During my entire stay in Leipzig, I spent my days shuttling from the hotel I stayed in to the Schneider's place. It was there that I continued engaging myself with Louis and his eccentric lifestyle. Louis spent most of his time in the basement which was where he painted his masterpieces and only ever left the room if there was a visitor upstairs or if he had to take his wife, Beatriz for their nightly walk. Common activities like eat, relax, or sleep, Louis did in the basement there surrounded by his art. If by fortune you should ever get an opportunity to visit the Maestro's basement, you would see for yourself that inside bares an astonishingly well decorated room with fancy sofas, a king size bed for he and Beatriz , a lovely fireplace, and lots and lots of priceless antics including his wonderful art.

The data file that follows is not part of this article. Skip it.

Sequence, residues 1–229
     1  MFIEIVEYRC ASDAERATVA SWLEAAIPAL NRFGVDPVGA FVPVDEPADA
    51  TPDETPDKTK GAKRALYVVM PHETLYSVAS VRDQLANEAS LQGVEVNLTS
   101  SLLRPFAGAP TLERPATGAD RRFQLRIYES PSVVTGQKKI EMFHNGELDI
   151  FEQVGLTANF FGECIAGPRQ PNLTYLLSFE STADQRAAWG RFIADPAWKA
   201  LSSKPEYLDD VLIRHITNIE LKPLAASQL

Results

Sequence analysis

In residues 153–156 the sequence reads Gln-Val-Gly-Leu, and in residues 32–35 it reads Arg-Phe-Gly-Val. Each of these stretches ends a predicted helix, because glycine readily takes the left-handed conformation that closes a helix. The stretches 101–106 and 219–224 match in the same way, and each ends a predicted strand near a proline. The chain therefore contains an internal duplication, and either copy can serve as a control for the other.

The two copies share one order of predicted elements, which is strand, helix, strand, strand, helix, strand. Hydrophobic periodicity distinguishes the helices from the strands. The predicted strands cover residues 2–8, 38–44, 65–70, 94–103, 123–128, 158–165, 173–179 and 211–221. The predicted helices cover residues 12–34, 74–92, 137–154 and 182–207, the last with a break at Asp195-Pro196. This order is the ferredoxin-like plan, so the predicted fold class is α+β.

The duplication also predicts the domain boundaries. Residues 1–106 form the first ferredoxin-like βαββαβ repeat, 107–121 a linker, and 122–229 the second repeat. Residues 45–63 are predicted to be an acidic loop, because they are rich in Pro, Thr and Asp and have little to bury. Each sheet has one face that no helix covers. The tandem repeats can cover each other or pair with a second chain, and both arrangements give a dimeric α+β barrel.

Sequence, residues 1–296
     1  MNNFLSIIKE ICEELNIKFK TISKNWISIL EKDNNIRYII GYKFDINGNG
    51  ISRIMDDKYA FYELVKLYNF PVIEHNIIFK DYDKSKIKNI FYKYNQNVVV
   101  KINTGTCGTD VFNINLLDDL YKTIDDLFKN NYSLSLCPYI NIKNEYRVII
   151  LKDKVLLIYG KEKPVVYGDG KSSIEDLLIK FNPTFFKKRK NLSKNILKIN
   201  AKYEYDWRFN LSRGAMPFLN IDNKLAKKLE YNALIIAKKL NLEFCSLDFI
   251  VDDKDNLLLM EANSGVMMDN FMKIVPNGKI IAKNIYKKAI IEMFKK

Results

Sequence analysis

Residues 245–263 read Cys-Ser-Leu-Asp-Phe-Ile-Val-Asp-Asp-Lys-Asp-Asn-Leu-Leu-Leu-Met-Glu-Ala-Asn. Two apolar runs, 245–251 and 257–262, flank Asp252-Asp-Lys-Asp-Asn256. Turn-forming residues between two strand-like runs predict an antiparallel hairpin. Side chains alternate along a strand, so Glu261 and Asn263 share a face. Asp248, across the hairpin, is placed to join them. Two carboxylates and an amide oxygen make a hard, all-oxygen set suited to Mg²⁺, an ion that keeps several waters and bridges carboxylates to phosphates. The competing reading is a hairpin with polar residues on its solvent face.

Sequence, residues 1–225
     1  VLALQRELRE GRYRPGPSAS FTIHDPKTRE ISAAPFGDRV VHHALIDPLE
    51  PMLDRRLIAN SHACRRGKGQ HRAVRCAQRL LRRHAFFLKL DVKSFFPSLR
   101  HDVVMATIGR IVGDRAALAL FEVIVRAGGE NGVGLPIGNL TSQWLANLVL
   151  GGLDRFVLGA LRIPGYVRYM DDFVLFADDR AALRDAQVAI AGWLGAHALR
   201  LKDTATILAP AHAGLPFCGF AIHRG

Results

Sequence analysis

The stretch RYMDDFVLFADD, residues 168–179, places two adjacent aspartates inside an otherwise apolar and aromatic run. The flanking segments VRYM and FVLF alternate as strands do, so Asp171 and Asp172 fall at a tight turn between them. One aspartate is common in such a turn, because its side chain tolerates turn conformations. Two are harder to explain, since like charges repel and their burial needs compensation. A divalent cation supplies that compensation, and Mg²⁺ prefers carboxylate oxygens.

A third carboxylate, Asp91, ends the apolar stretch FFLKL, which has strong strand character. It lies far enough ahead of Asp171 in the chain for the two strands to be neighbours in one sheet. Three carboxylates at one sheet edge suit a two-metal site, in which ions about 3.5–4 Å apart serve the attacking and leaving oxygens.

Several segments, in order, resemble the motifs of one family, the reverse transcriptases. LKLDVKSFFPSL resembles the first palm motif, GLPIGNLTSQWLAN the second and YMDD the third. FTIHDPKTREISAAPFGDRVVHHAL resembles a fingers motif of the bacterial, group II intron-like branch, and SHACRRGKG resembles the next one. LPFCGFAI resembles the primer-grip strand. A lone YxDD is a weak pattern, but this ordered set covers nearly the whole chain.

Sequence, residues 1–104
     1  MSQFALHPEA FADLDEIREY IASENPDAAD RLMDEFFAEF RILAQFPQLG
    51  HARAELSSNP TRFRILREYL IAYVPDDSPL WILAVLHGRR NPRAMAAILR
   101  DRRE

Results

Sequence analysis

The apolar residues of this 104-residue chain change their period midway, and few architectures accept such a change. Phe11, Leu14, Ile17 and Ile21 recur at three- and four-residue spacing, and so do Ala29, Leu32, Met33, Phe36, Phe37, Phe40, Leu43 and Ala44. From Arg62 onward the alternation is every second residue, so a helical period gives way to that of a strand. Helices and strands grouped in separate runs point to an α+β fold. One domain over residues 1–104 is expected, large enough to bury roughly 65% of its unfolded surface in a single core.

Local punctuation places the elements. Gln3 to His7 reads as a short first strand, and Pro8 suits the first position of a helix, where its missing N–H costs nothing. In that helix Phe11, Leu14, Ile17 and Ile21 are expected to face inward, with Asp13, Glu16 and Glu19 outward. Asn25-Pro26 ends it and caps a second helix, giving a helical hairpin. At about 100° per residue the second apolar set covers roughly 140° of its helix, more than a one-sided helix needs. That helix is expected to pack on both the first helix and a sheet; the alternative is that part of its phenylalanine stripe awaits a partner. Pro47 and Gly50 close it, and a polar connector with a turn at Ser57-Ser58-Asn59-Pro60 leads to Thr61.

However, regardless of his rather strange lifestyle, Louis was a very kind and humble man whom spoke very little. In fact, during the entire trip, I barely heard Louis say anything. He was very quiet and spoke only when necessary.
There were numerous times that I had the opportunity of watching Louis at work but the most striking and notable of all times was when he asked for a girl by the name of Francesca Meyer, to model for his latest work - Der Körper einer Frau which translates to The Body of a Woman.
Sure enough, Louis was well known for incorporating women into his paintings. Infact, women were some of his most common and notable themes but however, for Louis Schneider himself to call for a model, was something quite unsual.
Ha! I remember when the model, Francesca first walked in and the first thing Louis said was "Take off your clothes!". Frankly, I was startled by his remark for I had never known Louis to be a Nudist typed artist and I'm sure the model herself was equally surprised by this. You could tell by the bright red color on her face that this made her quite uncomfortable. My, it even became more uncomfortable for the model when she stood in her position and Louis began touching her body from head to toe with his hands. Oh, it was quite funny to see the young girl blush that way but however, this did not faze Louis for he was simply being professional. And then after he was done with his protocols, he began painting.